Key investment talks to restart
Updated: 2013-07-13 00:57
By CHEN WEIHUA in Washington and LI XIAOKUN in Beijing (China Daily)
In a major breakthrough, China and US agree to begin 'substantive negotiations'
Beijing and Washington agreed on Thursday to restart stalled negotiations on an investment treaty, a move hailed as a significant breakthrough resulting from the annual Strategic and Economic Dialogue.
Observers said the agreement comes as China shows a willingness to open up more sectors to foreign competition and the United States shows its commitment to treat Chinese enterprises fairly.
US President Barack Obama meets the two Chinese co-chairmen at the China-US Strategic and Economic Dialogue, Vice-Premier Wang Yang and State Councilor Yang Jiechi (first left) at the White House on Thursday. Obama praised the positive results of the talks. WANG LEI / XINHUA
Such efforts will finally bring tangible benefits to the people of both countries, they said.
According to a statement issued by the Foreign Ministry after the Strategic and Economic Dialogue talks ended in Washington on Thursday, the two sides agreed to begin "substantive negotiations" on a bilateral investment treaty.
The statement said the US pledged to treat Chinese investment equally and fairly and to welcome investment from China, including that from State-owned enterprises.
"China announced its intention to negotiate a high-standard bilateral investment treaty with us that will include all stages of investment and all sectors — a significant breakthrough and the first time China has agreed to do so with another country," US Secretary of the Treasury Jack Lew said as the talks ended.
The US also promised that the review by the Committee on Foreign Investment in the United States, an inter-governmental agency that examines foreign direct investment, will be limited to national security and nothing else, such as economic policy or other national policies.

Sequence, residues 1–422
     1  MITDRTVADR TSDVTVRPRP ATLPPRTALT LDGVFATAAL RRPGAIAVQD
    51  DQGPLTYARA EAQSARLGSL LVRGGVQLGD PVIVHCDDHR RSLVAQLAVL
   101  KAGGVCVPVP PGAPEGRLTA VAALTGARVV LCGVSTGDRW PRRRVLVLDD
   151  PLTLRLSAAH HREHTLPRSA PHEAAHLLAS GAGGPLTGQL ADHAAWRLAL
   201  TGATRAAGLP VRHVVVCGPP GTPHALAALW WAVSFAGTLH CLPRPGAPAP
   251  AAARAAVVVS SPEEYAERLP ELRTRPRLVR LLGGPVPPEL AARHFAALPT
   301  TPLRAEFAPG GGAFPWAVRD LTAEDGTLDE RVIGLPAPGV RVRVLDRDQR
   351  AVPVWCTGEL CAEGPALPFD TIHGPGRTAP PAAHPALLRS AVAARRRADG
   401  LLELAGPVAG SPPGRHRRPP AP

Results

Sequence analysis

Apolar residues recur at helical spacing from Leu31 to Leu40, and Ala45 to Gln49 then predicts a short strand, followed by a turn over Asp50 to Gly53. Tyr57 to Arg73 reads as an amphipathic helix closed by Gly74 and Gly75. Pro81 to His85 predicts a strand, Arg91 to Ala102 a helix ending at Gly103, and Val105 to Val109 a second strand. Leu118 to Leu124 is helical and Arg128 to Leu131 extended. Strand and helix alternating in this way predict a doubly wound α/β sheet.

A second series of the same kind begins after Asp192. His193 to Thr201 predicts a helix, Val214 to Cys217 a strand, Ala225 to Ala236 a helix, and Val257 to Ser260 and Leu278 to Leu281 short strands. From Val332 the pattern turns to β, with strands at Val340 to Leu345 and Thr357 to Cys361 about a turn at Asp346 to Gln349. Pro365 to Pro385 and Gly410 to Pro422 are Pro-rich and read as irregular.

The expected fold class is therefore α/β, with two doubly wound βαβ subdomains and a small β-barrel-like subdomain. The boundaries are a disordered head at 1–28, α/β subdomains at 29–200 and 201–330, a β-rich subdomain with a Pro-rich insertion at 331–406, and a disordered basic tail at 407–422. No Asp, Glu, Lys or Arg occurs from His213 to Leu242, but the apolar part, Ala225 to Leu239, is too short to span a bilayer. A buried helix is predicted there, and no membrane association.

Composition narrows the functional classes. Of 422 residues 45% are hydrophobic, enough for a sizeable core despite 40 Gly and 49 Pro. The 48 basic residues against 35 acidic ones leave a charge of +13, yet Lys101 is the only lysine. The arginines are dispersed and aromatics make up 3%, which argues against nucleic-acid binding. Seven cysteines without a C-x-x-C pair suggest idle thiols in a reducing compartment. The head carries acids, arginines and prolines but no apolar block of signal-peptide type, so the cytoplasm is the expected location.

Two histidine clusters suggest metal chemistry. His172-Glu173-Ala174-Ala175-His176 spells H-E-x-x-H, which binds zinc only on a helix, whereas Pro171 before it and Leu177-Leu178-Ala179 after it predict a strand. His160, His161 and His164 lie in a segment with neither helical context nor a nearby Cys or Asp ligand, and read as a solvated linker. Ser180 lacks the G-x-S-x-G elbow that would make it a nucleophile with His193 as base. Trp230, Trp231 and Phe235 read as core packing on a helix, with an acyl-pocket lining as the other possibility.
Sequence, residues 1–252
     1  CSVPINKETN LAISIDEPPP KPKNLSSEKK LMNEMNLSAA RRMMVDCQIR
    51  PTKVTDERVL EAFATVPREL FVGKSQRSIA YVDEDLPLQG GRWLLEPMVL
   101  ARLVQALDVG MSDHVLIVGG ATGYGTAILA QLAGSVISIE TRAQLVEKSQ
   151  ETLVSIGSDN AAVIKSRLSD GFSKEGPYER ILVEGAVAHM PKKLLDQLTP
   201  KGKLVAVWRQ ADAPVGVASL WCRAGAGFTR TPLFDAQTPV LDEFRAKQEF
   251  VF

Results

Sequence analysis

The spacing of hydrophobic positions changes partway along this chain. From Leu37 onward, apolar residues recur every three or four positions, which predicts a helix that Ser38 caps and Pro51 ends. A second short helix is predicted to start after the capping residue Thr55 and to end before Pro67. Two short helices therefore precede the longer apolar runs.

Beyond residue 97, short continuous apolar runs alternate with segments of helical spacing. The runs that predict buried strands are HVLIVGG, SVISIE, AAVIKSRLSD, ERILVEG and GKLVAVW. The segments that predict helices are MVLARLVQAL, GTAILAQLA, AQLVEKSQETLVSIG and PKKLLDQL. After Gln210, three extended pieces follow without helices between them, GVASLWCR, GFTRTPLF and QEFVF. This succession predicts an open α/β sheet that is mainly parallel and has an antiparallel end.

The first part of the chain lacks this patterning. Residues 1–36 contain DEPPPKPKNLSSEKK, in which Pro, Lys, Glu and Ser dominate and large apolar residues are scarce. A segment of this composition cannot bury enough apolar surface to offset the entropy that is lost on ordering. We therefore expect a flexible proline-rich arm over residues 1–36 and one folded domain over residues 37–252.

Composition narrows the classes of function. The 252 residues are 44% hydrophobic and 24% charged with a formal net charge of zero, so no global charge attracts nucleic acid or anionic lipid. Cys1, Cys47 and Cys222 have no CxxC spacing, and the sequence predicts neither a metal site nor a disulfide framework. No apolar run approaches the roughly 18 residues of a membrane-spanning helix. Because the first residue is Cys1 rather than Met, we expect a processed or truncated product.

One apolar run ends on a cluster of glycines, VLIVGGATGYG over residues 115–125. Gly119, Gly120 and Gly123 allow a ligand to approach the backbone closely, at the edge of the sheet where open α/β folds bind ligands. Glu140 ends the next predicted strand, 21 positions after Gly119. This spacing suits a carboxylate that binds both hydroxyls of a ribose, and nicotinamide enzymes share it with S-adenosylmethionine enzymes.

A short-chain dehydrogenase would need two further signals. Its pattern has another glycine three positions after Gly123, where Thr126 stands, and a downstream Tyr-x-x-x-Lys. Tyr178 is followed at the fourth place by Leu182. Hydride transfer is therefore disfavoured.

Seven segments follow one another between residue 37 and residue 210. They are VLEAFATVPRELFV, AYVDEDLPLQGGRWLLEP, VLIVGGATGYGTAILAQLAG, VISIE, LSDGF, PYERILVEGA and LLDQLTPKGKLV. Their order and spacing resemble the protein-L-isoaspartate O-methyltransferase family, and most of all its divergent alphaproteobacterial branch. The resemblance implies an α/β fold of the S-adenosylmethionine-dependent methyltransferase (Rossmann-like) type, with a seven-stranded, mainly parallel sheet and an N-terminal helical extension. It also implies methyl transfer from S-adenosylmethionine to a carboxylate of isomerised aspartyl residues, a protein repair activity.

Chinese companies seeking to invest in the US often fear a political backlash in the US Congress or rejection on national security grounds.
Commerce Minister Gao Hucheng told reporters China and the US share "a common purpose, which is to try to find ways to reduce and mitigate differences and barriers that both sides place in our trade and investment relations".
Explaining China's motives for reopening the investment talks, Vice-Minister of Finance Zhu Guangyao said the country has about $20 billion of direct investment in the US and $1.2 trillion in US Treasury bills.
"With such an extensive investment relationship, it is necessary for the two sides to have an institutional environment for the protection of these investments," he told reporters.
"Business leaders from China and the United States have a strong desire to invest in each other's market. They both want an open and more transparent market," Zhu said.
Sun Zhe, director of the Center for US-China Studies at Tsinghua University, said the significance of restarting the talks also lies in the fact that "China now seeks higher requirements of itself", adding, "It can also be seen as a psychological breakthrough for China."